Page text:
An interior minister in the 1990s, Aksener has been attacking Erdogan from the right. The staunchly nationalist 61-year-old is the only woman among Turkey’s presidential candidates and a dangerous foe for the president, as she attracts right-wing voters frustrated with Erdogan and his nationalist partner, the Nationalist Movement Party (MHP). Aksener began her career in a right-of-centre party but joined the MHP, which gave her a high-profile post as deputy speaker of parliament. When she started an inner-party revolt against MHP leader Devlet Bahceli, she was expelled and started the IYI Parti (Good Party).

Aksener has entered into an election alliance with the left-leaning CHP, which guarantees her own party a parliamentary presence, and, like the CHP, promises to roll back Erdogan’s project of a presidential system to preserve Turkey’s parliamentary system. As she is virtually unelectable for Kurds and left-leaning Turks because of her past as a hard-line minister, her hopes to become president are slim. Polls put her at around 11% of the vote in the presidential race, not enough to win but potentially enough to deny Erdogan a first-round victory. She has promised to support the strongest opposition candidate in a run-off vote.


While the other candidates travel around the country to meet supporters and give speeches, the 45-year-old lawyer from Elazig in eastern Turkey has to conduct his presidential election campaign from a prison cell in Edirne, on the border with Greece. Demirtas has been in pre-trial detention since late 2016 when prosecutors charged him with spreading terrorist propaganda. His party, the pro-Kurdish Peoples’ Democratic Party (HDP), is accused by Erdogan and the judiciary of being the political arm of the Kurdistan Workers’ Party (PKK), a rebel group fighting for Kurdish self-rule since 1984 and seen as a terrorist organisation by Turkey and the West. Demirtas and his supporters say the government is trying to stifle dissent.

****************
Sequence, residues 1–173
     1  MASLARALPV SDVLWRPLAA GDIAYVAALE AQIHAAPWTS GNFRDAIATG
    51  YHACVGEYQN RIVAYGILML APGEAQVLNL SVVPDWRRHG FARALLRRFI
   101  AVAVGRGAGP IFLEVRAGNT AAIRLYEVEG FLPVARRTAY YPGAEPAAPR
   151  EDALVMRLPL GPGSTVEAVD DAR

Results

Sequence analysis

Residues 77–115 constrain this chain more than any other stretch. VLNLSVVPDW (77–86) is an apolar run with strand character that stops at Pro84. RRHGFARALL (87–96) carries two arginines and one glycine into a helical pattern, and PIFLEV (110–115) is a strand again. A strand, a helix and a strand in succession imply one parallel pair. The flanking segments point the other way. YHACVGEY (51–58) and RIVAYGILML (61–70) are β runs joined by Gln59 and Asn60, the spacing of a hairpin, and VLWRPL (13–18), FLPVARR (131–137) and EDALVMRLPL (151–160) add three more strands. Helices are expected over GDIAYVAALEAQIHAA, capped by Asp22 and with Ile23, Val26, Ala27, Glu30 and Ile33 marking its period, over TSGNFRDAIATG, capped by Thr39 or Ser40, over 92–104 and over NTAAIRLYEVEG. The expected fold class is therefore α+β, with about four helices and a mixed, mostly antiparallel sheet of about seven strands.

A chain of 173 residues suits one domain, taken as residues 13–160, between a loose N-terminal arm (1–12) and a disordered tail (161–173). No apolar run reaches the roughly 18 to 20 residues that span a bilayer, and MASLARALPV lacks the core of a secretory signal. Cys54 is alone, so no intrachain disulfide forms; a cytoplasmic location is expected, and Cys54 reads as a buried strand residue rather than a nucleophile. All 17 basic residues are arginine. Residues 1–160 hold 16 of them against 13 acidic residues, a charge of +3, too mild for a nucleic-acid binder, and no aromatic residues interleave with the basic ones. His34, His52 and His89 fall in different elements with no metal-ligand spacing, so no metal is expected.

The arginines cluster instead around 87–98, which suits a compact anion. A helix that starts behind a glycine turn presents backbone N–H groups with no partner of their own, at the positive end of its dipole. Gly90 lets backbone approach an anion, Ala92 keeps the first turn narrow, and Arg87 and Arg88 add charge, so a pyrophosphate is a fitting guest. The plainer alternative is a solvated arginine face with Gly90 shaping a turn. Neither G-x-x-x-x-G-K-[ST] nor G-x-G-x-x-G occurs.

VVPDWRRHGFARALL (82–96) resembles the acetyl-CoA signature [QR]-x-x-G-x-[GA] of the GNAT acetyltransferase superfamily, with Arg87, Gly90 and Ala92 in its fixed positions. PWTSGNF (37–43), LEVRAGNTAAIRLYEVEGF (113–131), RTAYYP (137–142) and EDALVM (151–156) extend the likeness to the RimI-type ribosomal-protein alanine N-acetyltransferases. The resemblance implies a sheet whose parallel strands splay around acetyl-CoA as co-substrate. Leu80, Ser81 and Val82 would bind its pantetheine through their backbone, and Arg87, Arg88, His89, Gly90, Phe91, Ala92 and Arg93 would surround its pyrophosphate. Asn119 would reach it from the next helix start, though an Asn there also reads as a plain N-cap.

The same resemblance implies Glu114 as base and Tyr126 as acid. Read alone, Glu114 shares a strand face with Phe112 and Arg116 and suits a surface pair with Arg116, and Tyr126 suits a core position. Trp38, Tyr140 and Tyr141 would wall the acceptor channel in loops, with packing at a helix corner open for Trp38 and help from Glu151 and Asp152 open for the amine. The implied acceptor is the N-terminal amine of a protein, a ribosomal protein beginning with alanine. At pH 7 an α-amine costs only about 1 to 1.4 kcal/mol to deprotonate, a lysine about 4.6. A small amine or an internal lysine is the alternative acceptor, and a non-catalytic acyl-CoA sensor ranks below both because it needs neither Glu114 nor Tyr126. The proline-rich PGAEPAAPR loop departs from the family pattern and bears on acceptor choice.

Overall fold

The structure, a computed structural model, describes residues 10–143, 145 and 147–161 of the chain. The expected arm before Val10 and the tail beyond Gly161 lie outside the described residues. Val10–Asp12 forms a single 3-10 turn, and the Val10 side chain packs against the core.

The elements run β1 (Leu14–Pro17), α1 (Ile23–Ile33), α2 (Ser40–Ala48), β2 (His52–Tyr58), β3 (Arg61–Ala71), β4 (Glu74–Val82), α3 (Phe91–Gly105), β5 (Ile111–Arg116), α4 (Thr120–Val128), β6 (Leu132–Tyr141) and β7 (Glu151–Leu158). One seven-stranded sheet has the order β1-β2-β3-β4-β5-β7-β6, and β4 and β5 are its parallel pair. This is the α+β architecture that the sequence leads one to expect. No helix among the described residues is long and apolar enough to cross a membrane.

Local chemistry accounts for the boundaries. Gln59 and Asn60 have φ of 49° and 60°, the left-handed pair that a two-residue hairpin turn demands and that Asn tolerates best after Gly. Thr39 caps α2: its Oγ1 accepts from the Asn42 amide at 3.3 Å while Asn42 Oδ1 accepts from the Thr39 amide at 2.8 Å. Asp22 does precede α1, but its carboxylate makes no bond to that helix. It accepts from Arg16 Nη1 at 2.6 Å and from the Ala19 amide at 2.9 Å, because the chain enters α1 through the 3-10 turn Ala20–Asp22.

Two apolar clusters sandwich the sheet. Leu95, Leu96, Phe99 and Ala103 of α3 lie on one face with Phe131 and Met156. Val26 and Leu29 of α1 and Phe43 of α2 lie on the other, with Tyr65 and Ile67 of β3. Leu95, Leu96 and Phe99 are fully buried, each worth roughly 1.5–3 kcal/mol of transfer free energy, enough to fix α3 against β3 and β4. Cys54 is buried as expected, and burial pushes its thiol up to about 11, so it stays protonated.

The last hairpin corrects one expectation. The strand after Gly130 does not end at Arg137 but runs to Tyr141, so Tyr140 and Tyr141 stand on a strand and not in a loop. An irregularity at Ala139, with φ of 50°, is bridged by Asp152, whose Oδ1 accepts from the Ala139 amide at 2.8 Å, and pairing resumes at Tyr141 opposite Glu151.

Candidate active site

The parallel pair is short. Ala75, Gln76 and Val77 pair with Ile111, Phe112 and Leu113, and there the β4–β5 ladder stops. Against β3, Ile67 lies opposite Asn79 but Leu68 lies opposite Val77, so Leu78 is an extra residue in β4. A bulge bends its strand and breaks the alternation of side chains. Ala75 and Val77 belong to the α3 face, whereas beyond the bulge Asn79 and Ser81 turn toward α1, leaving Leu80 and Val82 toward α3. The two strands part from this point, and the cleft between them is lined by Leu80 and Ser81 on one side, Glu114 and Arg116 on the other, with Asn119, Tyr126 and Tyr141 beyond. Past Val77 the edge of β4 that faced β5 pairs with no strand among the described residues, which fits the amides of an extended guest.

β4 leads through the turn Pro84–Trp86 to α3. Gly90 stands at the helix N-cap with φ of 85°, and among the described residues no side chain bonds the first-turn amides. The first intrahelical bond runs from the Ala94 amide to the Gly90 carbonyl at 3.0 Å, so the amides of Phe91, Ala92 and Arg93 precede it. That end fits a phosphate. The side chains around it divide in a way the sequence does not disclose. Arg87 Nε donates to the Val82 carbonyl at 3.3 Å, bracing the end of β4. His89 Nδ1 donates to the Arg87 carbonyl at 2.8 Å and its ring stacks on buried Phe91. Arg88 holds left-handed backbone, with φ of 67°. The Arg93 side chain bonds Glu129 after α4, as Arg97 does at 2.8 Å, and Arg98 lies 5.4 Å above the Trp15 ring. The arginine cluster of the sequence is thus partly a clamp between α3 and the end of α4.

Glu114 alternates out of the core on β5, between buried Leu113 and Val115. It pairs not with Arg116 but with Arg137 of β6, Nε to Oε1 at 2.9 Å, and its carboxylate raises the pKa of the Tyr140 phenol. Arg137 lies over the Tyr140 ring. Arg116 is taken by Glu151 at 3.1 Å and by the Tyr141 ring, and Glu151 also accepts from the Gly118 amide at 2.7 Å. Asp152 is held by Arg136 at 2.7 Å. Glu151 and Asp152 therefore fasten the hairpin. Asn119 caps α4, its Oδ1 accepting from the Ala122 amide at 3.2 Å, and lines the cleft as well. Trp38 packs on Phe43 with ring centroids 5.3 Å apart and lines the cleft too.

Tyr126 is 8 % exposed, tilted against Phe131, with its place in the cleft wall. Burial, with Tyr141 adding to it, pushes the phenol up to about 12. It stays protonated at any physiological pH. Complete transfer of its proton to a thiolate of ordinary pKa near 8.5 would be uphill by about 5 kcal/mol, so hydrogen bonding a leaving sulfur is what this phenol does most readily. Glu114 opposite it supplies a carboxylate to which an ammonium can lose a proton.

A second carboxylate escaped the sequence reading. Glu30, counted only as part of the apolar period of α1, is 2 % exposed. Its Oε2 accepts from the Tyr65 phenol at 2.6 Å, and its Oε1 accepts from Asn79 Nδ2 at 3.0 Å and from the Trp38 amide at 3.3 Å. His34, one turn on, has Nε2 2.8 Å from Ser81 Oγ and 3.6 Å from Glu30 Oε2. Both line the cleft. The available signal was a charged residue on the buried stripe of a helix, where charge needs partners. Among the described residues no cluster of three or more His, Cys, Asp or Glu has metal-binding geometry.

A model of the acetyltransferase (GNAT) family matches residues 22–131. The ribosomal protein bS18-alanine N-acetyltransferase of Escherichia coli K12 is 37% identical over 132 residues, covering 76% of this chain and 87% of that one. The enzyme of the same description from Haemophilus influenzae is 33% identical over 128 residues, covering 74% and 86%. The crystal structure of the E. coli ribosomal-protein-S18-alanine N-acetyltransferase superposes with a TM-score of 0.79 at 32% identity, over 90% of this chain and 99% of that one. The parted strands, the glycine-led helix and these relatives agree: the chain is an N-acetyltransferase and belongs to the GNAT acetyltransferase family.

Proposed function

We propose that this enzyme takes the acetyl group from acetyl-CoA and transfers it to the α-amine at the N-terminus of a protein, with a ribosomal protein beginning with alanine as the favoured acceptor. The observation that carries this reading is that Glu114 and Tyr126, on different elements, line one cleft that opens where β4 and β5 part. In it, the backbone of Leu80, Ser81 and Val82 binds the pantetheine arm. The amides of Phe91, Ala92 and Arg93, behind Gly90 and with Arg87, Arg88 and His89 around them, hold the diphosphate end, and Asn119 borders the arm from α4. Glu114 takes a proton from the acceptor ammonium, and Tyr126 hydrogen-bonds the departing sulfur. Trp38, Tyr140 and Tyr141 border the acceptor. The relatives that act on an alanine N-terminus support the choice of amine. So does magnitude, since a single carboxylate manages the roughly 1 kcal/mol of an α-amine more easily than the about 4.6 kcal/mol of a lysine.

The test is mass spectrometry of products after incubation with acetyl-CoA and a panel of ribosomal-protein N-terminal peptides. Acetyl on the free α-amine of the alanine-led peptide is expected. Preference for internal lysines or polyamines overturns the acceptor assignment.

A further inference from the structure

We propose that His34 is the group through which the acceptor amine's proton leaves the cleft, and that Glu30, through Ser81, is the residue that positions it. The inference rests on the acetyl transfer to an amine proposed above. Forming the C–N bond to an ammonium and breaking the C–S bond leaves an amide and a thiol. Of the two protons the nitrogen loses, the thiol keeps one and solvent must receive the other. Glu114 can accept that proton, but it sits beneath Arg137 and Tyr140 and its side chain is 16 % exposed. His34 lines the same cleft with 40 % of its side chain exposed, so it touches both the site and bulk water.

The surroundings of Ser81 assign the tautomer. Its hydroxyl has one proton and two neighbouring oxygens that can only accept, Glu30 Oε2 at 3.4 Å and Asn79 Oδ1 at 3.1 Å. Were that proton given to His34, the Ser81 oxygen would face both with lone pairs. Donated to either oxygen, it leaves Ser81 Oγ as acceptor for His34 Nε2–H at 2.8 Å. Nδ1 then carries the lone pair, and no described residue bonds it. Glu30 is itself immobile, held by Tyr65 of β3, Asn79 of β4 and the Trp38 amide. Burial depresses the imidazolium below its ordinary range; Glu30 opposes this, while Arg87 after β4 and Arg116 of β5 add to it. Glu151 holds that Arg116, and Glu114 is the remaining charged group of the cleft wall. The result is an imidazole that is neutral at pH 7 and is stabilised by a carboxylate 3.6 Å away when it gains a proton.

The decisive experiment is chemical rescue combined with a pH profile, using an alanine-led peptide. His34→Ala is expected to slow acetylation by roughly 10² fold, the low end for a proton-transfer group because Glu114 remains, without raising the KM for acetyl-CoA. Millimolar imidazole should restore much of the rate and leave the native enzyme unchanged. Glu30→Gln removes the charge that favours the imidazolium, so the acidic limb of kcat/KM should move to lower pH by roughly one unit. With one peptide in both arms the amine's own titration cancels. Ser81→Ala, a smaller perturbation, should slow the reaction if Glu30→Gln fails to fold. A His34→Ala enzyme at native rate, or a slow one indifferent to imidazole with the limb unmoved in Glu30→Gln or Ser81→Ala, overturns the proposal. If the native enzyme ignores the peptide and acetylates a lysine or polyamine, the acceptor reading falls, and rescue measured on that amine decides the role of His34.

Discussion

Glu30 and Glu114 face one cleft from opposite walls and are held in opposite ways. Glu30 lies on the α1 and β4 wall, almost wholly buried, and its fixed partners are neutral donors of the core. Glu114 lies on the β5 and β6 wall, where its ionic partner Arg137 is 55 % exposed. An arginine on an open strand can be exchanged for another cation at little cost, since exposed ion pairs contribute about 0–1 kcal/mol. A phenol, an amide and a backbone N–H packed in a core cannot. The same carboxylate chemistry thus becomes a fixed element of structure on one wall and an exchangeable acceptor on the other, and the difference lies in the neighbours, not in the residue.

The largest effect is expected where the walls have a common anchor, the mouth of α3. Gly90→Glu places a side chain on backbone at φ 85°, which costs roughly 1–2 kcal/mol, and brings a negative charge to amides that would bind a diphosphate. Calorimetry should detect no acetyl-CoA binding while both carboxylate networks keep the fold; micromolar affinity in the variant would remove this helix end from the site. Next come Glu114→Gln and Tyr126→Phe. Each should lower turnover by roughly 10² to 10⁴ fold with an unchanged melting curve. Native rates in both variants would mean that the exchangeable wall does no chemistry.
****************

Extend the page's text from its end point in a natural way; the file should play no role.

Telegenic and a talented orator, Demirtas shot to fame in the presidential election of 2014, when he received approximately 10% of the vote — a high result for a Kurdish candidate — and led the HDP to a record 13% in parliamentary elections a year later. He widened the HDP’s appeal beyond its traditional base of Kurdish nationalists to include non-Kurdish members of the left-liberal intelligentsia in Turkey’s big cities. Polls said this recipe could work again on June 24 as Demirtas is seen by many as the underdog in an unfair race. Surveys put him at around 11% of the nationwide vote. Demirtas’ recommendation to his voters for a second round could become crucial for the eventual outcome.


The 77-year-old leader of the small Islamist Felicity Party (Saadet Partisi) is the oldest among the presidential candidates but has proven to be an effective player challenging Erdogan on the turf of political Islam. He has portrayed the AKP as corrupt and signalled his willingness to address Turkey’s long-standing Kurdish problem by means of political reforms that would give the Kurds more rights, a path that Erdogan followed for several years before shifting to a nationalist line.

Before Karamollaoglu became a candidate, his first choice was Abdullah Gul, a former Erdogan ally and head of state from 2007-14. The Saadet leader hoped to win Gul over as a candidate who could unite religious, conservative and reform-minded voters but the former president declined to run. Polls see Karamollaoglu at 2% but his appearance on the ballot could deprive Erdogan of crucial votes.